Tuesday, January 28, 2014

touting Syrian officials in Sitzwerland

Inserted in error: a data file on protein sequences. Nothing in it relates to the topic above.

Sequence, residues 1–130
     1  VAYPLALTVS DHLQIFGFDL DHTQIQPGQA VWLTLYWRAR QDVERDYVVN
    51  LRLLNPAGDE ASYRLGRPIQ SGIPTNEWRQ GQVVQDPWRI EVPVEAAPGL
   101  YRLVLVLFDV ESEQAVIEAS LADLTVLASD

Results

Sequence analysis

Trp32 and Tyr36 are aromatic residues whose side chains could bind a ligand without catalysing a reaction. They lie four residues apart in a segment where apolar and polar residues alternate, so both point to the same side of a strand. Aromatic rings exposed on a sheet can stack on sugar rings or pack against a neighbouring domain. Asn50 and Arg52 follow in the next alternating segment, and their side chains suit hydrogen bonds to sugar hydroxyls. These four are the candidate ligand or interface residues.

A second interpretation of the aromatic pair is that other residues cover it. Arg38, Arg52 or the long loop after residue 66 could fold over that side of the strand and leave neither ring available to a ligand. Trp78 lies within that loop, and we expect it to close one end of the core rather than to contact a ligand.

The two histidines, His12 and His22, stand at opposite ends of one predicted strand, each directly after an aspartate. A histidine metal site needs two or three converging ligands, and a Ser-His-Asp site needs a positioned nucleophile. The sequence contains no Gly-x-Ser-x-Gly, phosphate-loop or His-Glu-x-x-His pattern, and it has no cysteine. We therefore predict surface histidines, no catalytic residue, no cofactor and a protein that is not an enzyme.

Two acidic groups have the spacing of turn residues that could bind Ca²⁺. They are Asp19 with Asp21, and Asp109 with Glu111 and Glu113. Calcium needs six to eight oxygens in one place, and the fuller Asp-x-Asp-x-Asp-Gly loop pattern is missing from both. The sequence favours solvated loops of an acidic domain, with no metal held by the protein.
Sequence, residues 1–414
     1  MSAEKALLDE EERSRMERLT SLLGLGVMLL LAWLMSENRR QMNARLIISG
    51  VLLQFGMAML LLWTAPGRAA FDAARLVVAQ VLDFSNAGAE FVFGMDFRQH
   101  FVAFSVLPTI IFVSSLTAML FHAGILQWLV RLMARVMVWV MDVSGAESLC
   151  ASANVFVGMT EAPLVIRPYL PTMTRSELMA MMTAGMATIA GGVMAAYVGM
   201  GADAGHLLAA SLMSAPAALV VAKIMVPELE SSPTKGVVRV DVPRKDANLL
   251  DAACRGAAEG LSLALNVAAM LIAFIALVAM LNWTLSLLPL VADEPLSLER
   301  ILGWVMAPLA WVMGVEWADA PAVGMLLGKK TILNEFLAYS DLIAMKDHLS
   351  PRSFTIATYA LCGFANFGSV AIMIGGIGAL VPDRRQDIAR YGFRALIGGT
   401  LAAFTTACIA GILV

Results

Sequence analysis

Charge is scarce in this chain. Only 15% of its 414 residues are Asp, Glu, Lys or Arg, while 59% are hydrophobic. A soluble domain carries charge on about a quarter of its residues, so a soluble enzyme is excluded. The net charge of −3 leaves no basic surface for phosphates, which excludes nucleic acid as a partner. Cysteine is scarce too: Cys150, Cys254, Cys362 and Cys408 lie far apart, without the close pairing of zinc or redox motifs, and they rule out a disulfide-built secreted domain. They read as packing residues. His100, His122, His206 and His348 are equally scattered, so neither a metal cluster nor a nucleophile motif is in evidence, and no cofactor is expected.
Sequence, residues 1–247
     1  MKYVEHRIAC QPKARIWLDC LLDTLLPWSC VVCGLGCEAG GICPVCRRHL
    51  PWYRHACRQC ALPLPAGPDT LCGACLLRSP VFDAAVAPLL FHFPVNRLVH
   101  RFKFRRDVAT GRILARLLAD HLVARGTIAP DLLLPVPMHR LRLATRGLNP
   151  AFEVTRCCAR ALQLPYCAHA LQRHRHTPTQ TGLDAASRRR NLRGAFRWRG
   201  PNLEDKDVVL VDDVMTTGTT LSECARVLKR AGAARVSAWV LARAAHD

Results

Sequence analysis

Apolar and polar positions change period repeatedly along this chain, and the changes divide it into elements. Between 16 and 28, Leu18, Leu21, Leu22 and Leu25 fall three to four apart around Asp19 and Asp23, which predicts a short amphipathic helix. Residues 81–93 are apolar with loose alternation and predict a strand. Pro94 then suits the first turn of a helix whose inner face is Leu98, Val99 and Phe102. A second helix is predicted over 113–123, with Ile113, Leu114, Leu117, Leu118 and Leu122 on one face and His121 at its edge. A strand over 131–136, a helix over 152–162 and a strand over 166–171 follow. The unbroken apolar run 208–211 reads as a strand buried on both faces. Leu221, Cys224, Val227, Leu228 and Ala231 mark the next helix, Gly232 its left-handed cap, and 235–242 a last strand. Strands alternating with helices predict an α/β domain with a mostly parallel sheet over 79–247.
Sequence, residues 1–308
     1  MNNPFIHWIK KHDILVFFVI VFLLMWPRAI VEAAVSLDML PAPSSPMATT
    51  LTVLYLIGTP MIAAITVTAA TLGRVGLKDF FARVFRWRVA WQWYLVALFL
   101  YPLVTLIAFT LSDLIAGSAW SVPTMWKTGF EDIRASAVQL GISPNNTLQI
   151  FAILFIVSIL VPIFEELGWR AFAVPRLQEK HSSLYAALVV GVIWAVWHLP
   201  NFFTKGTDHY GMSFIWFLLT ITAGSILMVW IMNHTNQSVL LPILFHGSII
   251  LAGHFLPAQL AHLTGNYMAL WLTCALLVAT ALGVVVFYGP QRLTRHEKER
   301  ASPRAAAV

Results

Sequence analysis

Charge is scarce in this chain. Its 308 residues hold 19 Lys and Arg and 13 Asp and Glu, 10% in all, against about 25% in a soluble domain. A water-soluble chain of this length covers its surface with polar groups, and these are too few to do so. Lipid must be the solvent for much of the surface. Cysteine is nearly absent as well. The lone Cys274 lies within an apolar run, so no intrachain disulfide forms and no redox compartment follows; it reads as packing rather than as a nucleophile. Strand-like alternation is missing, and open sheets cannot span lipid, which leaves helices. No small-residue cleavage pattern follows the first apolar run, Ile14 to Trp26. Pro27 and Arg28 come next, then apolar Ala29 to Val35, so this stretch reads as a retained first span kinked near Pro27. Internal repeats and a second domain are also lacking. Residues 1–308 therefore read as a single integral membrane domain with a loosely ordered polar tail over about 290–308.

This is one of the silliest articles I have read on Syria all week.  Ms. Barnard is jubilant that some members of the Syrian opposition in Switzerland has be touting Syrian officials in Geneva.  She says:  "New encounters — some cordial, some not".  Ms. Barnard is celebrating the fact that some opposition folks are hounding Syrian officials but she does not tell you: 1) that the hounding includes yelling obscenities at them. 2) Syrian regime reporters, just like Syrian opposition reporters, also hound and tout Syrian opposition figures.  It is not a one way streak.  3) This is not the first time this has happened--as she claims--and it has happened in Cairo.  4) She does not tell you that the Syrian opposition "reporters"--as she calls them--have also yelled obscenities and beat up and spat on representatives of the internal Syrian opposition of the coordination committee (people like Haytham Al-Manna`).  5) Would the New York Times cover with amusement when leftist activists in the US hound officials of the US government, and would the paper write about them in admiration?  Hardly.  6) The article is filled with stories by one side only without any verification or substantiation by the other side.  Look at this story here:  "An opposition member said that when he approached a former girlfriend, a state media journalist, no one was near, but she shushed him, he said, as if they were being recorded."  I mean, is there anything that Ms. Barnard does not believe if told to her by March 14 of Syria or Lebanon? Fore sure, her reporting from Lebanon thus far revealed not an iota of skepticism toward March 14 of Syria and Lebanon.  7) Regarding this passage:  "So for them to sit across from Haitham al-Maleh, an opposition delegate in his 80s who is a former political prisoner, is “historic,” the journalist said, “as if people from the Stalinist system suddenly sat down with Solzhenitsyn or Sakharov.”"  Did you forget to tell readers that this fellow is a pro-Saudi Ikhwan Islamist, or is that not convenient for the propaganda cause?   8) Most importantly: she (and others in the Western press) have failed to report what even supporters of the opposition have complained about: the representative of the Syrian opposition in the negotiations came across as extremely incompetent and inarticulate especially in comparison with the trained spokepeople and propagandists and officials of the Syrian regime.  Many in the opposition wondered why people like Burhan Ghalyun, for example, was not asked to head the delegation and to speak to the press.  If you are studying the Middle East and rely on the New York Times for your daily knowledge of the region, I truly feel sorry for you.